Salesforce professionals' diagnosis

According to Salesforce professionals working in healthcare, DevOps adoption is just not seen as a business priority by their organizations. 24% said that this was the main reason for slow DevOps adoption, compared to just 15% of respondents across all sectors.

Every organization has competing priorities to weigh up. Salesforce DevOps can seem like a niche concern - a nice-to-have for the IT department. But Salesforce is increasingly relied upon for all manner of processes and business systems, and DevOps ensures that the platform is delivering for all stakeholders in the organization. The business benefits of DevOps are clear.

If you're finding it harder and harder to get the right Salesforce solutions shipped on time - matching user, business and compliance requirements - you should recognize these as symptoms that will only worsen as your organization grows. Our prescription? A healthy dose of DevOps.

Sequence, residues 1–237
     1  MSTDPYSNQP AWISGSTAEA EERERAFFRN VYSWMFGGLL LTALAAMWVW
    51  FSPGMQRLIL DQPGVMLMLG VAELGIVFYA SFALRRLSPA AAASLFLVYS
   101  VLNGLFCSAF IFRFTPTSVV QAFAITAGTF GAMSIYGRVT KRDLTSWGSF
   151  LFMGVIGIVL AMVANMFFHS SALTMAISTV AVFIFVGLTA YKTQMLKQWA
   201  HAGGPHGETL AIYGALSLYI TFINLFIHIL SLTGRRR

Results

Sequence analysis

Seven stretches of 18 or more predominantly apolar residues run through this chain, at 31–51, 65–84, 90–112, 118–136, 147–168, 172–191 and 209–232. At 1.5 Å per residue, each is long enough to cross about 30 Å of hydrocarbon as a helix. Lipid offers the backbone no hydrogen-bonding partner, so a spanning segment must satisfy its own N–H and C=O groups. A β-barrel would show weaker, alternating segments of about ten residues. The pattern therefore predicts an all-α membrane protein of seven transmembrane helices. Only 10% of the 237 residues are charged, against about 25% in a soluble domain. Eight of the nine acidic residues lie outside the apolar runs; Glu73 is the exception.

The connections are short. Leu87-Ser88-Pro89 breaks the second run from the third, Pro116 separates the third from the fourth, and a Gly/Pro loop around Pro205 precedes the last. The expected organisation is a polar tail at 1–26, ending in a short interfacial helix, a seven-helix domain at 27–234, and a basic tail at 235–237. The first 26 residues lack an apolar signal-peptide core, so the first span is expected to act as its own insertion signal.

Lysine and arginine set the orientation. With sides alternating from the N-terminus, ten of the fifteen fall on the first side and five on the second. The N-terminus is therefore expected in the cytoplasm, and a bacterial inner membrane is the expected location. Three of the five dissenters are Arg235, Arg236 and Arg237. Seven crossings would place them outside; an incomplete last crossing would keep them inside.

McKesson have mastered Salesforce DevOps

The Salesforce team at healthcare giant McKesson experienced all the pains of trying to build on Salesforce without DevOps: late nights spent on tricky deployments, developers overwriting each other's work, and very low confidence in the release process. Since switching to Gearset, the team at McKesson has implemented a model of DevOps best practice for the Salesforce platform. They now have a fast, automated deployment pipeline that ships changes every 4 hours, with full visibility over a robust and secure release process. Matt Avitable, DevOps architect at McKesson, told us that he is "extremely pleased with the progress we've made with Gearset so far. It's intuitive, easy to use and a real time-saver."

McKesson case study

Implement DevOps without any disruption

Many teams dream of seeing the benefits DevOps brings to Salesforce release management, but assume the ramp-up time for implementation makes it impossible to attempt while they struggle to manage a growing workload. But this is only true for some DevOps tools. Using Gearset, you can set up an end-to-end DevOps workflow in under 30 minutes on your free trial - with nothing to install anywhere and full access to Gearset's suite of DevOps tools.

Feel free to ask us anything using the live chat on this page. And to get our wide-lense analysis of all the data from hundreds of Salesforce professionals across all industry sectors, download your free copy of our State of Salesforce DevOps 2021 report: